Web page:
Review: 2021 Jeep Grand Cherokee L makes a rough but ready landing
The 2021 Grand Cherokee L ushers in a new generation version of the Grand Cherokee and heralds a new lineup with that name. Like a trainee co-pilot bringing in a jetliner, the all-new Jeep Grand Cherokee L is a little bumpy on the approach and makes a couple of side hops in what is otherwise a perfect landing.
At a Glance
- All-new design adds Jeep brand elements to the exterior and spaciousness to the interior.
- Technology is a high point in the new Jeep lineup and at the fore in this new Grand Cherokee L.
- Engine options are a carryover and therefore a real low point for this Jeep.
- This SUV gets expensive quickly and upper trims don’t live up to their premium price point.
- Off-road and towing capability are second to none for the Grand Cherokee L.
Ten years after the last redesign for the Jeep Grand Cherokee, the 2021 Grand Cherokee L heralds a new generation of Grand Cherokee models. It is the largest of the Jeep SUV models, offering three rows of seating in a large format sport utility, and the 2022 model year will see it joined by other Grand Cherokee models aimed at luxury and refinement – with fewer seats.
From the outside, the 2021 Jeep Grand Cherokee L holds the new Jeep SUV design theme, with a flatter front fascia, taller bodywork, and Jeep’s signature off-pavement readiness. Inside, there's more space, better seating, and a lot more technology than in the previous generation. In fact, about the only carryovers from the previous gen are the engine options and the prodigious off-road credibility of the brand.
It has seating for six or seven, depending on seating choices, with the middle row bench or captain’s chairs having a full seven inches of slide to allow more legroom in the third row. Although not as roomy as the third rows found in minivans, the 2021 Grand Cherokee L’s third row seats are much more accommodating than most SUV third rows. Head and legroom is plentiful and the row is wide enough that three can sit across without too much cramping. Access is also pretty good, thanks to that aforementioned seat slide and the tilt-forward design of the optional second row captain’s chairs.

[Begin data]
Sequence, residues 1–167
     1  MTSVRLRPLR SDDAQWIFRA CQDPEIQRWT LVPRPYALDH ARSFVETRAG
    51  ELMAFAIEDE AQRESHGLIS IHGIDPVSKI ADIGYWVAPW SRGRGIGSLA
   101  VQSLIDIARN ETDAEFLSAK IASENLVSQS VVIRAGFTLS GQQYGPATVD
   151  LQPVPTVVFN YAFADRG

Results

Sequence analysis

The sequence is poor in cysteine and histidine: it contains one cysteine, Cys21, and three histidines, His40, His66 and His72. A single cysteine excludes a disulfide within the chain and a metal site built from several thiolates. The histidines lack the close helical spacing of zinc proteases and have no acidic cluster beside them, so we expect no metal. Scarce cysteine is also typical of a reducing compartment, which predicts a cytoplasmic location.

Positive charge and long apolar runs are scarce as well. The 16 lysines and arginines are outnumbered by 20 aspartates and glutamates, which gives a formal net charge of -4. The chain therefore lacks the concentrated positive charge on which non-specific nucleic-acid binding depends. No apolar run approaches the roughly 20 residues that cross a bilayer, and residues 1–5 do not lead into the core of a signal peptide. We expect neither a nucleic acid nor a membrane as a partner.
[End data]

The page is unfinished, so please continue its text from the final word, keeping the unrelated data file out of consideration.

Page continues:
From the get-go, the base model (“Laredo”) has a lot of technology as standard. The driver’s 10.25-inch information display provides a well-done virtual gauge cluster that never seems to have glare or readability issues. An 8.4-inch touchscreen is standard for infotainment, but can be upgraded to a larger 10.1-inch option. Either way, it houses Stellantis’ Uconnect user interface, one of the best in the industry for usability and capability. That includes Apple CarPlay and Android Auto with wireless connectivity and a six-speaker sound system at the base model level. Forward collision mitigation, blind-spot monitoring, and adaptive cruise control are also standard in the Grand Cherokee L.
Other comfort items like tri-zone climate, proximity keyless entry, and push-button start are also standard in the Grand Cherokee L, as are LED headlamps, working roof rails, and 18-inch alloy wheels. Not bad for a base price of US$38,085.
The carryover engines from the previous-gen Grand Cherokee hold back this new-generation SUV. The 3.6-liter V6, found in a host of Jeep models, produces just 290 horsepower (216 kW) and 257 lb-ft (348.5 Nm) of torque. Neither of which sounds like enough to feel anything but sluggish in this 4,600-plus pound (2,086+ kg) SUV. The upgrade engine, which we drove, is another staple in the Dodge-Jeep-Ram Truck lineup: the 5.7-liter Hemi. This V8 produces 357 hp (266 kW) and 390 lb-ft (539 Nm), but is only available in the upper Overland and Summit trims. The starting price for the Overland trim level is $54,000, a pretty big leap from the base model’s introductory price tag (our test model Overland was priced at over $67,000).
Fuel economy in either version of the 2021 Jeep Grand Cherokee L is surprisingly abysmal. The V6 models return just 25 mpg (9.4 l/100km) on the highway. A great number a decade ago, but not much better than full-sized body-on-frame sport utilities today. The 5.7L V8 Grand Cherokee L reduces that number to 22 mpg (10.7 l/100km). For comparison, the larger, heavier, truck-based Ford Expedition returns 23 mpg (10.2 l/100km) on the highway. Jeep has made no announcements regarding the plug-in hybrid (“4xe”) powertrain coming to the Grand Cherokee L.
If you can live with those downsides, however, the 2021 Jeep Grand Cherokee L has impressive towing and off-road capabilities. The V6 offers only 3,500 lb (1,588 kg) of towing (though an upgrade package can bump that up to 6,200 lb/2,812 kg), but the V8 jumps to an impressive 7,200 lb (3,266 kg) of towing. The vehicle also features nearly 11 inches (28 cm) of ground clearance and a payload capacity of 1,250 lb (567 kg). The legendary four-wheel drive system that Jeep is known for includes drive modes for various types of terrain and inclement weather.
During our time with the 2021 Grand Cherokee L, we performed some moderate and mid-level off-roading and it proved itself more than capable of tackling anything we’d expect a non-Wrangler Jeep to handle. A few surprises, like the amount of wheel reach and the intelligence of the all-wheel-drive-like 4WD system were noted. Wheel grip is very good and the V8 engine provides enough power and speed control to be intuitive when off the pavement.
Overall, the 2021 Jeep Grand Cherokee L is a good introduction to the Grand Cherokees to come. It brings the SUV up to date with most modern standards for technology and capability, but we feel it will quickly become dated as larger truck-based models continue to improve. The gap between the unibody advantages of the Grand Cherokee L and the body-on-frame designs of its rivals has been narrowing lately.
Product Page: 2021 Jeep Grand Cherokee L